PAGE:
• The first scale is now Interests and activities (replacing ‘Making a difference’). This area still emphasises helping others, group activities and teamwork but is widened to recognise activities and interests such as sports, arts, music that are positive for young people but can be individual not group activities and not aimed at making a difference to others.
  • Health and well-being replaces ‘Well-being’ as it now covers both a healthy lifestyle and emotional health, including managing physical or mental health conditions. It recognises that those who are younger may not have much control over their diet or other choices and that their family may not support living healthily.
  • Education and work now emphasises getting the most out of school/ work rather than focusing on achievement. It was also widened to include training, apprenticeships or internships and to recognise the role of the school, college or workplace in providing extra support where needed, so it is not just up to the young person. 

There are other minor tweaks to scales, with some aspects moving from one scale to another to increase clarity and accessibility and adding references to social media and staying safe online. In addition, we listened to feedback from young people and workers and changed some wording to be more sensitive, trauma-informed and responsive to the issues people faced and created flashcards and new guidance.

3 Should I move to the new edition?

We believe that the 2nd Edition of the Youth Star is better, and the additional resources will make it a more effective tool for supporting and measuring change with young people, so we recommend you do transition your service to the 2nd Edition. However, the 1st Edition will continue to be available for the foreseeable future, so you have a choice and time to decide.

The 2nd Edition of the Youth Star is available for those with a Star licence to access on the Star Online, so you can download and it and review the new resources for yourself to help make a decision.

4 What should I do to move the to the new, 2nd Edition?

If you already have Star licences, there is no extra cost to using the new edition and no requirement for additional training, though you may want to consider refresher training. Talk to Triangle about your current licencing and how to make the most of the transition to support good use of the Star.

Consider how you will introduce the new edition to practitioners, for example by finding ways to ensure that they familiarise themselves with the User Guide with detailed scales, changes in wording and other new resources, including the flashcards and updated guidance. This can be done through refresher training, supervision sessions, discussions in team meetings and by sharing and promoting the “introducing the new Youth Star 2nd Edition” poster for practitioners, available from the Star Online or Triangle.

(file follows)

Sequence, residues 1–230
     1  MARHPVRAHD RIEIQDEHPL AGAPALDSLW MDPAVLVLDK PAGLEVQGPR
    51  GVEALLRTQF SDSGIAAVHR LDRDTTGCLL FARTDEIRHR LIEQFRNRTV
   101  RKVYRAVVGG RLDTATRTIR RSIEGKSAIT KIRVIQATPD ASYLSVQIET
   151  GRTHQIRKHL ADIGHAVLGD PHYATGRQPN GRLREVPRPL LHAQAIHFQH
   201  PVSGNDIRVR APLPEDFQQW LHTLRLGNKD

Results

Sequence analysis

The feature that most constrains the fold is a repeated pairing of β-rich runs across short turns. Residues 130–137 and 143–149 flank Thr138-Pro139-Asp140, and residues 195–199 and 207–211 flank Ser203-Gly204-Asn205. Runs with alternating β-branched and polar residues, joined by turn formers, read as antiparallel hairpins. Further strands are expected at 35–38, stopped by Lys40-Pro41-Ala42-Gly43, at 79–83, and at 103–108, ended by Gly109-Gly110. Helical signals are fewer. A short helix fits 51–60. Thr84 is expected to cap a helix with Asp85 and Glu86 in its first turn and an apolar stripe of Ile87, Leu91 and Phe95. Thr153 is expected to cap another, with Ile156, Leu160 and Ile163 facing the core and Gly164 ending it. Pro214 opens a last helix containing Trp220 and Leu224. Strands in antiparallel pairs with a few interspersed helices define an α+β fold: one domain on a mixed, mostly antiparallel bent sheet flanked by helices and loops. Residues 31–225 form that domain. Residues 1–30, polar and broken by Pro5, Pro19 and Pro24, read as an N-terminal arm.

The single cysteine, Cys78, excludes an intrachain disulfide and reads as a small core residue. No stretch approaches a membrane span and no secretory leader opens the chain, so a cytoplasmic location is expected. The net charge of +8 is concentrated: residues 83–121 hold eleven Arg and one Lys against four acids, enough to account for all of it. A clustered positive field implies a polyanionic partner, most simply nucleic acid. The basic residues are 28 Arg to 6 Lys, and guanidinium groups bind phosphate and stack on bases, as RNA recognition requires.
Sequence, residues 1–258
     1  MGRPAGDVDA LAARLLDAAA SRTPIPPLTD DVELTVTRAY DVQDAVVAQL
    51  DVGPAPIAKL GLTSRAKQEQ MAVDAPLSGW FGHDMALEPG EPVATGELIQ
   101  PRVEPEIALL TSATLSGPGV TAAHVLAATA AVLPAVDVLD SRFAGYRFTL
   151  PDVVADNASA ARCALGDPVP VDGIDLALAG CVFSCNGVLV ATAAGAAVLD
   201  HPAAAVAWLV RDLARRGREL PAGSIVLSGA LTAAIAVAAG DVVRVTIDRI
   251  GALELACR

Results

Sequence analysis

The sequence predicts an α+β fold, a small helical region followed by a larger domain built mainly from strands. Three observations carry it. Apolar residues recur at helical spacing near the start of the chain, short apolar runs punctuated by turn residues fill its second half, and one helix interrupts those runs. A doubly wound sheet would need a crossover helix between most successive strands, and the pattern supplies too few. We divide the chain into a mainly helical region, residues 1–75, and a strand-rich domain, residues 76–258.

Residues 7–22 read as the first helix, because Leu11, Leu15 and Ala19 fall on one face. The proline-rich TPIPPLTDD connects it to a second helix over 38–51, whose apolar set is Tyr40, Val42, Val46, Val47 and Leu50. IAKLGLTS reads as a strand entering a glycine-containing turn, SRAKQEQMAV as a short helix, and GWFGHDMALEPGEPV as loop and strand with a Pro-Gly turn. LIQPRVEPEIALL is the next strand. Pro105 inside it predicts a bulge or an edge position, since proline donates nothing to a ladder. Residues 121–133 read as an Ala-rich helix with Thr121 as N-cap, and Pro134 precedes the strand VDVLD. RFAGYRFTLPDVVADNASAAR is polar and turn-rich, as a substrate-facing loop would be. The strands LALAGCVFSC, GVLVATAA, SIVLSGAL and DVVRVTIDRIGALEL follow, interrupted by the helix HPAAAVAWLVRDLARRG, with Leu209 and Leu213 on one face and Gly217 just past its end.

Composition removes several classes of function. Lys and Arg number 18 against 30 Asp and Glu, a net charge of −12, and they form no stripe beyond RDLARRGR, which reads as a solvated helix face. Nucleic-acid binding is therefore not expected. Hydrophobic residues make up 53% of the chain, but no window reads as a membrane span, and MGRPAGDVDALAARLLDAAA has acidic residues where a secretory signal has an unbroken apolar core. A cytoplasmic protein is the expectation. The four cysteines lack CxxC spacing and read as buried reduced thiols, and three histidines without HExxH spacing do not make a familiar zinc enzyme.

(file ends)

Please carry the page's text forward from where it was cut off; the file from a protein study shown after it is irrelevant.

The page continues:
You also need decide when and how to introduce the 2nd Edition. The main options are:

  1. Introduce the 2nd Edition for new clients and keep using the 1st Edition for existing clients who have already completed at least one Star. The advantage of this approach is that clients only have to engage with one version and their change shown from one reading to the next is valid because it is gathered using the same version
  2. Decide on a date from which to introduce the 2nd Edition with all clients, both new and existing. This is more straightforward for the service because than using both versions and makes the move more swiftly to the new edition. However, change measured from one reading to another is not valid and may be misleading if different editions are used with the same person (see data section below). This has implications for both keywork/ action planning with that individual and for the validity of the service’s Star data overall.

5 What about my Star data?

Because some of the Youth Star scales have significant changes and others have minor changes, data gathered using the 1st Edition will not be directly comparable to data gathered using the 2nd Edition. The most marked example is that someone actively and positively pursuing individual interests such as arts or sports, may be at 1 in the first scale of the 1st Edition (Making a difference) but could be at 5 in the 2nd Edition (Interests and activities). The other differences are summarised above and set out in more detail in the development report.

There are three main options for how to approach data and reporting when making the transition to the second edition of the Youth Star, as set out below

We believe that different options will work for different services. The most appropriate approach for your service will depend on how long you have been using the Youth Star and the amount of data you have and the importance for you of being able to monitor trend over a number of years. Talk to Triangle if you would like advice. However, in general: